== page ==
The finding that water availability helped to save fat reserves resembles the effects of the availability of water on birds in an anabolic state, such as during a migratory stopover. In such situations, drinking water helps to boost body mass increase and fat accumulation in blackcaps, Sylvia atricapilla (Sapir et al., 2004; Tsurim et al., 2008). However, the effect is driven by the improvement of food processing and water balance rather than by changes in food metabolisability (Tsurim et al., 2008). Furthermore, physiological effects of drinking water include faster regeneration of the digestive track (Mizrahy et al., 2011), which would not take place in food-deprived birds. In the current study, birds were in a catabolic state, as they were fasted for 24 h. However, our results might indicate that birds with and without access to water could have been in different phases of fasting.
Generally, animals deprived of food undergo three consecutive phases of fasting (Bar and Volkoff, 2012; Cherel and Le Maho, 1985; Cherel et al., 1988; Jenni-Eiermann and Jenni, 2012). Phase I is the time of adjusting to long-term fasting; it starts with a high rate of carbohydrate and protein catabolism (causing high body mass loss) and ends with low rates of body mass loss. In phase II, most of the energy is delivered from lipids and the rate of body mass loss is minimised. The length of each phase is said to depend on the initial fat stores of the individual, but it is not known what triggers the transition from phase I to phase II. In turn, phase III starts when fat reserves reach threshold adiposity and protein catabolism increases dramatically (Jenni-Eiermann and Jenni, 2012). In small passerines, threshold adiposity is a fat level of 10–5% of total dry mass (Schwilch et al., 2002). Given that in our study, the level of fat as a percentage of total dry mass was in the range 12–17%, we can assume that none of the birds reached phase III of fasting.
The phases of fasting were described for animals deprived of food, but with access to water (Cherel and Le Maho, 1985; Cherel et al., 1988; Klaassen and Biebach, 1994). Those studies have (unstated) assumptions that the timing and order of utilisation of endogenous resources is governed by the need to preserve proteinaceous tissue and the need for energy. Our results suggest that transitions between the phases may also depend on the need for metabolic water. We found that the two groups deprived of food showed a similar fast decline of lean dry mass (Fig. 1C), which is typical for phase I of fasting. The group that was deprived of water experienced a significant decline of fat stores (Fig. 1D), which could suggest that those birds went into phase II faster than birds deprived only of food. To verify whether a lack of water indeed shortens phase I of fasting, some additional experiments with manipulation of water availability within the metabolic chamber, restriction of physical activity and constant analyses of respiratory quotient would be required. One would also have to demonstrate that in a small passerine, phase I of fasting might be extended throughout the night time.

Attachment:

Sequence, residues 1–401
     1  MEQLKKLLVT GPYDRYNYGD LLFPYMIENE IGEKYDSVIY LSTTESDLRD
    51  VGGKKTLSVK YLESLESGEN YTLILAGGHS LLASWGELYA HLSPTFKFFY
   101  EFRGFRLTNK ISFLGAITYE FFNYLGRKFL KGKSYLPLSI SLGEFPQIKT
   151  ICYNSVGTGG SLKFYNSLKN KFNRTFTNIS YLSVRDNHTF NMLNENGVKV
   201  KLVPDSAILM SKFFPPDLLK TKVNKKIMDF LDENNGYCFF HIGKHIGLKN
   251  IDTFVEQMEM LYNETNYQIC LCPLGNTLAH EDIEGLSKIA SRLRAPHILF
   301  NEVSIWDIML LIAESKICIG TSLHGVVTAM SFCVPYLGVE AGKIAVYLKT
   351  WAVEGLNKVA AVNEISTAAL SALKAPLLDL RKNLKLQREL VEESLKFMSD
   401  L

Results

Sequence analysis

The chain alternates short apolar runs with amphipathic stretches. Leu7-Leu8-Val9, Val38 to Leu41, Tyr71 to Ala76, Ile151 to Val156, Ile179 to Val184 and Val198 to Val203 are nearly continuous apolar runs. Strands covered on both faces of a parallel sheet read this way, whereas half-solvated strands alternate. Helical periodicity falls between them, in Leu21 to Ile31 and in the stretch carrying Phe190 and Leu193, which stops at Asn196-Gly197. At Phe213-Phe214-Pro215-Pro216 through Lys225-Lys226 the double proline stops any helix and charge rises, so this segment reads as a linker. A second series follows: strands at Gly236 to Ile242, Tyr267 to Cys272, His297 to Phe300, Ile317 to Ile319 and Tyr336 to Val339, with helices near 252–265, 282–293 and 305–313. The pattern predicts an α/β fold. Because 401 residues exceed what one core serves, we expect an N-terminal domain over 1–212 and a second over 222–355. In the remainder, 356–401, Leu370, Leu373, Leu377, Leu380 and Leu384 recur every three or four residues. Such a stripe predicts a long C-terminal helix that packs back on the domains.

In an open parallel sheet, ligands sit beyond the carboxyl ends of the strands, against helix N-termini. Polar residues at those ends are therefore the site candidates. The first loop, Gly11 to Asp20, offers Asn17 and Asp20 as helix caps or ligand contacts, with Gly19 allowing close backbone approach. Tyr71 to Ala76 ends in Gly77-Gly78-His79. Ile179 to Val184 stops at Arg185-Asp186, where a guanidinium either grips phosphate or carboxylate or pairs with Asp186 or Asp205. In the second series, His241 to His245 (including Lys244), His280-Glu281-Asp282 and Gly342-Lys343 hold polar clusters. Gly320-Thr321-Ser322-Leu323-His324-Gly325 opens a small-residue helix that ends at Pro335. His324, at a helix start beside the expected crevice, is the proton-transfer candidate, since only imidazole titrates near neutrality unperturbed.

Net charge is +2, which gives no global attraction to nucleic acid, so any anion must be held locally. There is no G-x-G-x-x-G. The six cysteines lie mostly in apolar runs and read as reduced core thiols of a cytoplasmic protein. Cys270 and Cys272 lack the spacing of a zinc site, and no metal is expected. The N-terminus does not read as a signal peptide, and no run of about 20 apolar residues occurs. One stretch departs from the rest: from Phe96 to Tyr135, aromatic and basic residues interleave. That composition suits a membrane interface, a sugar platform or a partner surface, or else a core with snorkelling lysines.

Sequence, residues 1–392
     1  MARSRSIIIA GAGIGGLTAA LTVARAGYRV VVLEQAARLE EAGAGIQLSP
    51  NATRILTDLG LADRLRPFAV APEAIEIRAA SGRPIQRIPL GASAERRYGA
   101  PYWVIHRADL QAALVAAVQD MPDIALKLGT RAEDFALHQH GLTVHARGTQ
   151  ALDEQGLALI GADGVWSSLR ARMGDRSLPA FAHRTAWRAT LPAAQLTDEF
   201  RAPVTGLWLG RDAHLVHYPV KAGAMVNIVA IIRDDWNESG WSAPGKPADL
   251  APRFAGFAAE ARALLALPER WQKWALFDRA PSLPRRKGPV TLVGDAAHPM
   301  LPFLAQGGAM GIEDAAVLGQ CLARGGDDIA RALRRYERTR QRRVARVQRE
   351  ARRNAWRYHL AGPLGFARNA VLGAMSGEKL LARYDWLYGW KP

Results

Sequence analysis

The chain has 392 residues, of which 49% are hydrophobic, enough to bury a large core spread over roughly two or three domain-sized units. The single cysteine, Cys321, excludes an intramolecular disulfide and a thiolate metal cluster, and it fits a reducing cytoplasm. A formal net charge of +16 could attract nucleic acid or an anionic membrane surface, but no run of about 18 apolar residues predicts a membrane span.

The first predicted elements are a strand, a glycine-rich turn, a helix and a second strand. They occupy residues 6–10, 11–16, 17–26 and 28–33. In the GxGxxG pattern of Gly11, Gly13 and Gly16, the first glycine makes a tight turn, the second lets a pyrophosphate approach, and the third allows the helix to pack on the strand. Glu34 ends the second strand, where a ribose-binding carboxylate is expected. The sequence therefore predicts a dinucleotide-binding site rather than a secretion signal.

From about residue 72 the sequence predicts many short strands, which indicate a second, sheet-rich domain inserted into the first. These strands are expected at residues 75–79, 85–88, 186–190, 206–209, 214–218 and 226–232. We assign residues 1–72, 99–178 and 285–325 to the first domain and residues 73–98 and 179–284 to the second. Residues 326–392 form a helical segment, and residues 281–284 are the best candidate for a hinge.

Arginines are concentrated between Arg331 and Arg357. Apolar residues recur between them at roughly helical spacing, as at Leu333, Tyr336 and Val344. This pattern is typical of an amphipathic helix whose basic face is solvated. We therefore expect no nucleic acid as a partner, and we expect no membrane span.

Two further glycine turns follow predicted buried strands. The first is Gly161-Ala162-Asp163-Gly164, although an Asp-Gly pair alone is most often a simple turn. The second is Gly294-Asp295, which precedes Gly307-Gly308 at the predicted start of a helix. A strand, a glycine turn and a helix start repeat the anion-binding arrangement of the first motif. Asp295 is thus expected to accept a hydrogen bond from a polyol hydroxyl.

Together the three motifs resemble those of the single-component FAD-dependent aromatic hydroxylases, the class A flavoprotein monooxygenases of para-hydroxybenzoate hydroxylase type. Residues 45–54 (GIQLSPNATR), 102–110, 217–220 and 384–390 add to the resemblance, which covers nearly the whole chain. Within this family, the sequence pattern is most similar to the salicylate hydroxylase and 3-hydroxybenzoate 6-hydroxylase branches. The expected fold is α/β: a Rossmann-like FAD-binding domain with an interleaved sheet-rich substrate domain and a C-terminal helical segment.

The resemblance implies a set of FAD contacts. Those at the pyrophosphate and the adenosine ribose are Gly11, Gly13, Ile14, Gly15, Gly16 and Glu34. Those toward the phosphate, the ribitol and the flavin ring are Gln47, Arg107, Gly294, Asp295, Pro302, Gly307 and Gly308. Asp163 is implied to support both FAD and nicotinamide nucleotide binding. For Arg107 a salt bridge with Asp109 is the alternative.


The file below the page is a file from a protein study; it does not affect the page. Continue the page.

Our study offers a novel hypothesis of fat-for-water by clearly demonstrating that the lack of ingestible water greatly increases catabolism of fat. Fat is the major source of energy and its breakdown also produces metabolic water. It has previously been assumed that animals at rest use protein (instead of fat) catabolism to sustain water balance. Here, we show that fat is a primary source of metabolic water production under routine energy requirements of fasting, in the absence of physiological conditions that require elevated energy expenditure. We suggest that maintenance of water budget by increased protein breakdown could possibly occur if fat stores are depleted or if fat catabolism is already elevated to its upper limits as a result of high energy demands or if the rate of water loss exceeds the potential rate of water production from fat. Follow-up studies should examine whether the mechanism behind our finding is related to increased activity of the birds deprived of food and water.
Mariusz Borowski and Jonatan Kozłowski provided technical help during the study. Two anonymous reviewers gave insightful comments on the manuscript.
All authors took part in collecting the data and interpreting the results. J.R. carried out the statistical analyses and lead writing of the manuscript; E.T.S. carried out BMR measurements and tissue analyses; M.C. helped draft the manuscript; U.B. conceived, designed and coordinated the study and helped draft the manuscript. All authors gave final approval for publication.
The study was financed by the Jagiellonian University (Uniwersytet Jagielloński w Krakowie) statutory funds: DS 757 (K/ZDS/004151).
The authors declare no competing or financial interests.